During the next few days, it is very possible that you will hear the term “bomb cyclone ” with which the last major storm that threatens the east coast of the United States has been defined. Chilling temperatures are expected for an event that many are unaware of. Why “bomb” and what can you expect?
The storm is currently off the coast of Florida and Georgia, and will make its way to the coast on Thursday. New York City and Philadelphia are under a winter weather warning starting at 1 am today, while Boston is under a snow storm warning that begins at the same time.
— Scotty Powell (@ScottyPowell_WX) January 3, 2018
It is expected that the snowfall will be able to stop traffic and air travel in a few hours, although the biggest problem is that temperatures below zero will begin to fall extremely during the storm. The circulation associated with the storm will drag the icy air that will settle over the southern Canadian Arctic, bringing down temperatures in the northeast progressively.
In addition, the enormous circulation of the storm will help to attract several lobes of the polar vortex, the zone of icy air winding through the North Pole, over the Mid-Atlantic and the Northeast for Friday and Saturday. The tremendous cold air coming from Siberia, the North Pole and Greenland will converge in the region.
Temperatures are predicted between 20 and 40 degrees below normal, the coldest (by far) of winter. It is predicted that most locations in the Mid-Atlantic and Northeast will set record cold temperatures tomorrow Friday, with highs in single digits.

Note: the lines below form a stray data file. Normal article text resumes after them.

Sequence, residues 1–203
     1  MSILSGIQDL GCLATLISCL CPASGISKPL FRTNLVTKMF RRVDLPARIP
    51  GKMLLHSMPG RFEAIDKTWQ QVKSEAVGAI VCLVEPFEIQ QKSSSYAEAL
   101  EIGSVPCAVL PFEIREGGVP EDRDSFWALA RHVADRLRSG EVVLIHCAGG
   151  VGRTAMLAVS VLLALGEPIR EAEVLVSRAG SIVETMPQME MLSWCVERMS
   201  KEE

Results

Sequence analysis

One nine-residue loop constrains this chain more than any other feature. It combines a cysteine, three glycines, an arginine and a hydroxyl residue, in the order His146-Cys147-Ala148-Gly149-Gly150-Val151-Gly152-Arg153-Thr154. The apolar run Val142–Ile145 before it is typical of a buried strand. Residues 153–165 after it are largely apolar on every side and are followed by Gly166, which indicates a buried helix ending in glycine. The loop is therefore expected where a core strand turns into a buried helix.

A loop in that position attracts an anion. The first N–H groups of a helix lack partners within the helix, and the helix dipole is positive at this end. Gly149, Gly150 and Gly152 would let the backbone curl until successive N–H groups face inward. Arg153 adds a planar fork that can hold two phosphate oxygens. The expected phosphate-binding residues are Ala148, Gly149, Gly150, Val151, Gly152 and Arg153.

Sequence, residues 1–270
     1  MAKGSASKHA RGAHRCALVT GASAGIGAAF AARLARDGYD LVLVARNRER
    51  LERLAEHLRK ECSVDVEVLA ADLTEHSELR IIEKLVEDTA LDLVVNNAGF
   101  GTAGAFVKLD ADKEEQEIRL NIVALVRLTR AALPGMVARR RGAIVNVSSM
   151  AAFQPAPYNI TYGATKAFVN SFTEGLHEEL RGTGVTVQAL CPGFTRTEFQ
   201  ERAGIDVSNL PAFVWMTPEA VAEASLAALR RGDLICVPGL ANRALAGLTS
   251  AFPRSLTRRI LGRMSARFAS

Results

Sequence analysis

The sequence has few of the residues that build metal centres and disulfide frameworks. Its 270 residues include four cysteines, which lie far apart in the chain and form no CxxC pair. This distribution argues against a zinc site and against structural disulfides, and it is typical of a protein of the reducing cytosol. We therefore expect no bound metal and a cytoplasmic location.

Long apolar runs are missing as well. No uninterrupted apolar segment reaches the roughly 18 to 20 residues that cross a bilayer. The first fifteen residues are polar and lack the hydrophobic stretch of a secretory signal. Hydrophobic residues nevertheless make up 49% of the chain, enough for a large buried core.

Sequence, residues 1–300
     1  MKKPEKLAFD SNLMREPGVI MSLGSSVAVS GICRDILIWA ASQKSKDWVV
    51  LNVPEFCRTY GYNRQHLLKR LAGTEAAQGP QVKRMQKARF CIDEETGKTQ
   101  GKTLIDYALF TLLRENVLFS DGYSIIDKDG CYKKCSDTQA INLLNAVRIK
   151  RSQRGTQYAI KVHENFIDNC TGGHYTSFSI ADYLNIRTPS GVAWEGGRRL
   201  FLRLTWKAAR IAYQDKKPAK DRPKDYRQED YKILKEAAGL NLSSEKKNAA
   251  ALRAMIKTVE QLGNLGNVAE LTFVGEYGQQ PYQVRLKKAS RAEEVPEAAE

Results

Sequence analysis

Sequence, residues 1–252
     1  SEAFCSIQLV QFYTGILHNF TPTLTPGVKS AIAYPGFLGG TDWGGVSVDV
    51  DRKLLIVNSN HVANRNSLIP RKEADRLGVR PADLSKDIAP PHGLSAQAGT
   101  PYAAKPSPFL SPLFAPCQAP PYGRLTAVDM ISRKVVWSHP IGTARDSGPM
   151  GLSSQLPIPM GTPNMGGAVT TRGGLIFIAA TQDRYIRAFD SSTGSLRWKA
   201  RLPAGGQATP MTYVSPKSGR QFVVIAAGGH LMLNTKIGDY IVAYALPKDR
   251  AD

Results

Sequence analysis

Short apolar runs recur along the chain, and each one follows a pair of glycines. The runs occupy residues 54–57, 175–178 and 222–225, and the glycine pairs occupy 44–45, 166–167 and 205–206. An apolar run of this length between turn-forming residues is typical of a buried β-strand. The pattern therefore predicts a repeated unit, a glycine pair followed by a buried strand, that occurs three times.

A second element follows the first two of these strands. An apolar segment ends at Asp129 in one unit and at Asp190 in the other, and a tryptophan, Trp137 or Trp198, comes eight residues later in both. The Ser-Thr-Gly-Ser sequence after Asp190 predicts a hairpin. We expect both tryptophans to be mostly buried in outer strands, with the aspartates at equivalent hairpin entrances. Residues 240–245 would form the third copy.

Even in the first 12/28 entry offered, regardless of where this storm tracks, it was quite evident that EVERYTHING pours in behind it. Siberia, North Pole, Greenland. Everything. Severe cold snap behind this storm. Think power may go? Start planning… pic.twitter.com/ye85dPHjcW
— crankyweatherguy (@crankywxguy) January 1, 2018
On Saturday morning, a freezing cold is forecast in almost all of New England, with a single digit in the Mid-Atlantic. The winds, which gust at 48 km / h, will make these areas feel 10 to 20 degrees colder.
Finally, after one of the most intense cold episodes recorded in parts of New England, including Boston, temperatures are predicted to thaw gradually early next week.
For all this, many scientists talk about an event that could win a place in the record books. Why is it called “climatic bomb” or “cyclone bomb”?
The origin of the “bomb cyclone”
There are several incendiary names for these types of storms: bombs, meteorological bombs, or even sea bombs. The term “meteorological bomb” was added for the first time to the Oxford English Dictionary in 2015 as a secondary entrance. Unlike other dramatic climate words, the meteorological bomb has received a technical definition.
Its modern use begins with an article published in 1980, in the Monthly Weather Review , on the “Dynamic Synoptic Climatology of the ‘Bomb'”. In the document, two MIT meteorologists defined a “bomb” as a storm where the central pressure drops dramatically in less than 24 hours. The researchers were interested in this phenomenon because of its ” great practical importance for maritime transport and coastal regions “.
However, the origin of the term goes back further, to the 1940s and the Meteorology School of Bergen, Norway. Back then, a sea “bomb” had no formal definition, but meteorologists used it to refer to destructive marine storms. At that time, the threat to ships, crucial to creating a strategic advantage in World War II, was usually man-made bombs. Seen this way, it is easy to imagine how the metaphor of a “sea pump” would have jumped to mind.
Although attention to the impending cyclone might indicate otherwise, these storms, although dangerous, are not so rare. They come very fast, destroy everything in their path, and disappear.
Be that as it may, when people hear bombs in their minds, these violent storms acquire an air of greater importance and threat, be it in the 1940s, or at present. And yes, the bomb that is approaching the east coast is a great threat, no doubt, but the way we talk about it makes it much more terrifying. [ Washington Post , Mashable , USAToday ]